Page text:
28 Sep Businesses counseled to adopt long-term strategies as COVID accelerates change
Stefan Rösch, Country Managing Partner, EY Switzerland, sees digitalization, technology transformation, sustainability and supply chains as some mission critical elements going forward
EY is a worldwide leader in assurance, tax, transaction and advisory services. As such, you are well positioned to feel the pulse of the economy: how would you assess the strategies and solutions deployed in Switzerland to cushion the COVID-19 crisis’ socioeconomic costs?
As a country, we have been hit hard due to our proximity to Italy. When you look at infection rates, Italy currently stands at 3,900 infections per 1 million citizens and Switzerland is at 3,600. There is not a big difference between these two countries and, because the pandemic happened earlier for us than for others, we were not able to prepare, or experience and learn from other countries that were hit earlier on. That has been a very difficult starting point.
Depending on the industry we are referring to, the COVID-19 crisis has had a different impact. The life sciences, pharmaceutical, medtech and biotech sectors have done extremely well. On the contrary side, the tourism industry has been hit hard. The Swiss government’s reaction during this crisis has been best in class, and the speed and efficiency with which it has supported businesses is top notch. It has come at a cost: it will probably take Switzerland 30-40 years to repay the debt that’s been issued, but I believe this is the only way to deal with this crisis situation. Our government has been reasonably conservative in the measures taken but I believe that was the right decision, especially considering citizens’ health first.
Going forward, what is EY’s outlook for the rest of the year?
Unfortunately, people have become a bit careless—for example, by ignoring safety measures when they are using public transport. There is a danger of a second wave and the recovery of the economy will heavily depend on this. I personally believe we will have a difficult summer period from an economic perspective, experiencing a substantial decline on business activities that will not help our economic reactivation. We can’t count on a V-shaped recovery.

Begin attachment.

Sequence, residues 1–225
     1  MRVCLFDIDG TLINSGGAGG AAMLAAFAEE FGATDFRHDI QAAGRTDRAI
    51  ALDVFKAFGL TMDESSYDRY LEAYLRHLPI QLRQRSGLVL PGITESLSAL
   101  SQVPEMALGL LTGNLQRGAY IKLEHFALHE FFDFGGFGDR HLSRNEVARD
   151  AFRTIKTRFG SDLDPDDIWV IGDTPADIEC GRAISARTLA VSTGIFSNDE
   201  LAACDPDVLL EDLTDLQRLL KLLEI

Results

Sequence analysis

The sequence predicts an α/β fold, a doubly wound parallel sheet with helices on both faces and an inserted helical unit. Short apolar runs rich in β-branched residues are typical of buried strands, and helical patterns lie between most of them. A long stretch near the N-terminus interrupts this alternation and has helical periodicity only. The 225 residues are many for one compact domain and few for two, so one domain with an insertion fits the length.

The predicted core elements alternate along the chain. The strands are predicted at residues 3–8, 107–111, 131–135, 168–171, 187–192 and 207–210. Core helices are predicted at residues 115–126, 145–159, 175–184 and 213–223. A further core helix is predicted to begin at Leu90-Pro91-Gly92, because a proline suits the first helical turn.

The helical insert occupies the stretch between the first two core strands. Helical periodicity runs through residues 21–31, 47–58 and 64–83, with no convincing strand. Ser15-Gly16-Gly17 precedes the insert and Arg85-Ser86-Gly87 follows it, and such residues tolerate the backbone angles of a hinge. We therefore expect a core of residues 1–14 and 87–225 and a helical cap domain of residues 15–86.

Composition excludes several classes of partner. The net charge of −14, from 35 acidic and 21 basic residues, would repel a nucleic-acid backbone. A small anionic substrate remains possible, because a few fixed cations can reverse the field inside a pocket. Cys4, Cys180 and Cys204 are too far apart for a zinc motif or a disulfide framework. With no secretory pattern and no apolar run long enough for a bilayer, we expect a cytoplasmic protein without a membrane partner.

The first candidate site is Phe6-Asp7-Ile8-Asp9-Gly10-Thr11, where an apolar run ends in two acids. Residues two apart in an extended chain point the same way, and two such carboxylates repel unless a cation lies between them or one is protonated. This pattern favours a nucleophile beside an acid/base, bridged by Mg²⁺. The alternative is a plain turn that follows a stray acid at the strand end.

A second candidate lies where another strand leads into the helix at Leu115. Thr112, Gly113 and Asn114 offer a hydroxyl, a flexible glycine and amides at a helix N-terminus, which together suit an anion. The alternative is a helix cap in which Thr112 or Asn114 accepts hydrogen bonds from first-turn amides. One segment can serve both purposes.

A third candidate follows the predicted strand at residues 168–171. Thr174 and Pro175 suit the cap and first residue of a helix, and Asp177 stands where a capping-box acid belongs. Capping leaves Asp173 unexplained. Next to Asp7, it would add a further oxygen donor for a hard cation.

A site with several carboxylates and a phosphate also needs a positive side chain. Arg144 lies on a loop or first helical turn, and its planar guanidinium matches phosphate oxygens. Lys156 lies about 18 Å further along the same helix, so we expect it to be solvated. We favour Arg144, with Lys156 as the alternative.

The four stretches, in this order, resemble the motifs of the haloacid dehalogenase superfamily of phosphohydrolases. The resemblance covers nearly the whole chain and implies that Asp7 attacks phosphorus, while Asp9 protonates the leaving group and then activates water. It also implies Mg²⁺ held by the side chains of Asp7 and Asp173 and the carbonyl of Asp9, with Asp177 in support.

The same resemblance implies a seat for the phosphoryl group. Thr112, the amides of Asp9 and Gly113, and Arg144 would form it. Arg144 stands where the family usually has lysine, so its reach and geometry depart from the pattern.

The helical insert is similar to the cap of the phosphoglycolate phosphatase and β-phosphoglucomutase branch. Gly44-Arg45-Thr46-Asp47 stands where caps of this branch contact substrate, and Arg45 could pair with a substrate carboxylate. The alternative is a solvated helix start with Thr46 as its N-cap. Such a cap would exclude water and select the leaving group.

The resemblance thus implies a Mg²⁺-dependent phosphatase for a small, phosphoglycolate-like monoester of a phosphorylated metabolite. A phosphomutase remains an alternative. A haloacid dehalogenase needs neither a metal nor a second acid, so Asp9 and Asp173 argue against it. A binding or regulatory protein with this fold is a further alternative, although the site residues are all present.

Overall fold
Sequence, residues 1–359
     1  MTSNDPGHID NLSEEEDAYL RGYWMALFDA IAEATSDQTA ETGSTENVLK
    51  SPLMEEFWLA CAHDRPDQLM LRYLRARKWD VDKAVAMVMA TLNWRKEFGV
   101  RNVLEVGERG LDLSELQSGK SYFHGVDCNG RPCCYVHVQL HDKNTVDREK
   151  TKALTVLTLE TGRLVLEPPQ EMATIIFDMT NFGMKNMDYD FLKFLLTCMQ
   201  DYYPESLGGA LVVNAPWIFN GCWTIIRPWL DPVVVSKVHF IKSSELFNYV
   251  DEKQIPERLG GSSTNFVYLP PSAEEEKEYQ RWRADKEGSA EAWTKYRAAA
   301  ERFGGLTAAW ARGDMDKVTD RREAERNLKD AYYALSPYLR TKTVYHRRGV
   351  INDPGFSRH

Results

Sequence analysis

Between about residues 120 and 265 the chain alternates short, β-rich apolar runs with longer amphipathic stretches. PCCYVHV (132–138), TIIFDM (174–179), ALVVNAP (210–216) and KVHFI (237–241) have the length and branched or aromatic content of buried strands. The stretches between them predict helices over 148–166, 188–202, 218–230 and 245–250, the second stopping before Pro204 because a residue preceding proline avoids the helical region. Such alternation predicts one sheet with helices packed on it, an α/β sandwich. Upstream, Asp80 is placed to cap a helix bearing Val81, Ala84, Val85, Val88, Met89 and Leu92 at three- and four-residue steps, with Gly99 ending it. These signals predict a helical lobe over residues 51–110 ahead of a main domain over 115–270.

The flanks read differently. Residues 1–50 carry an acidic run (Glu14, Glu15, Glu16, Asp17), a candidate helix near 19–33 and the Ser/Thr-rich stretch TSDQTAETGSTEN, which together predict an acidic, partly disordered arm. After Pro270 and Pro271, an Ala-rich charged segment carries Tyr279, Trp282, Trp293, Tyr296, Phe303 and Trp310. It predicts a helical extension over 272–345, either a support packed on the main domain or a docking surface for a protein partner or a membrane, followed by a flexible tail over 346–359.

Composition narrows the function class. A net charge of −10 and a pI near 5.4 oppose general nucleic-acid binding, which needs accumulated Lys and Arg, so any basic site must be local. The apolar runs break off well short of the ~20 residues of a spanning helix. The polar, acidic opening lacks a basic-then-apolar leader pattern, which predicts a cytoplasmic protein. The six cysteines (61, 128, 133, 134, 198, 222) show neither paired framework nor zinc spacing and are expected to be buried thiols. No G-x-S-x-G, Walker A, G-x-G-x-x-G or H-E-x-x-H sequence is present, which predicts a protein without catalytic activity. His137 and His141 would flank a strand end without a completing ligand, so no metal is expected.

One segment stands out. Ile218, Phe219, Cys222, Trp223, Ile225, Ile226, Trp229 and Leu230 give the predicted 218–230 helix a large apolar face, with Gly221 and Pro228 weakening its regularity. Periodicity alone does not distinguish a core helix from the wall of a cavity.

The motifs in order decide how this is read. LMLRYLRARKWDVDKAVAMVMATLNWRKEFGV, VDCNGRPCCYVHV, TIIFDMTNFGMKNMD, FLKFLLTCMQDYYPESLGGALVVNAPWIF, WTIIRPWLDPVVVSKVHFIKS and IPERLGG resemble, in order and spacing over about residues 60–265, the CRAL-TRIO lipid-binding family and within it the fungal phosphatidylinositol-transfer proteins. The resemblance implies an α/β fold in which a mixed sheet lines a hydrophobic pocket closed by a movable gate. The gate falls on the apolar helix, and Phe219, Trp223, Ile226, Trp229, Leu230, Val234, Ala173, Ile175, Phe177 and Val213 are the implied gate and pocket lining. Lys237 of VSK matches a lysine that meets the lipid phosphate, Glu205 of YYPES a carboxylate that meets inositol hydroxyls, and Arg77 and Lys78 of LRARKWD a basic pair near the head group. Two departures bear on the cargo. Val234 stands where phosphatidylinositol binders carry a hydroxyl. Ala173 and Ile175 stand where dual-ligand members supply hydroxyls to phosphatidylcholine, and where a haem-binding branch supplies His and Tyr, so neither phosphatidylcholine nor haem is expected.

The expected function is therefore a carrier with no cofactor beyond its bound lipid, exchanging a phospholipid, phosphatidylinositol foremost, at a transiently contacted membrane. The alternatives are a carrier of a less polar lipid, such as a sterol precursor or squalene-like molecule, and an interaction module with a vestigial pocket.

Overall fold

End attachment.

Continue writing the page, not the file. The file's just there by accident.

EY has recently put together a COVID-19 Enterprise Resilience Framework that identifies nine areas businesses can look at to build a structured and comprehensive approach to crisis management and business resilience. Can you give us a quick overview of this scheme and how it has helped companies so far?
The world in general was not prepared for a crisis of this magnitude and the speed at which it developed. This is probably the starting point. When advising our clients, we first focused on their immediate responses to the crisis by looking at the health and wellbeing of employees, liquidity management, negotiations with financial institutions, securing supply chains and other immediate things. Now that we are beyond the urgency, we see a shift from the now, to the next and beyond. Businesses should adopt a long-term approach again and start having a dialogue about how their target-operating model needs to change based on the lessons learned out of this crisis. For example, the global supply chain model used to be stretched and optimized to the maximum. That is probably going to change, so there is more balance with local supply chains. I personally hope that businesses look into the complexity of what they do. Simplification is a key word and businesses need to move from the immediate now to what is next and what is beyond—looking more at the future.
What would EY’s recommendations be for encouraging faster economic recovery and what trends do you see coming out of the crisis that will shape the future business environment?
I hope we’ll come up with a winning combination that takes the good aspects of the past and combines them with the lessons learned from this situation. Hopefully, we will not just slip back into the old normal, but we will really take the lessons from the pandemic and the good things of the past to move into the future. I believe that this crisis is an acceleration of change: the focus point and the drivers will not change, but things will just happen faster. For example, during this crisis businesses have had to implement changes that would have normally taken four or five years in just a couple of weeks. Digitalization, technology transformation and the supply chain will be important focus areas and mission critical elements going forward.
We saw a number of trends taking place in the market before the crisis. These trends have just been accelerated and we now need to take a longer-term approach, measuring long-term value against short-term thinking. For instance, think in terms of social responsibility and environmental sustainability. All these topics were in place before the crisis but have just been sped up. We need to take these major trends into consideration.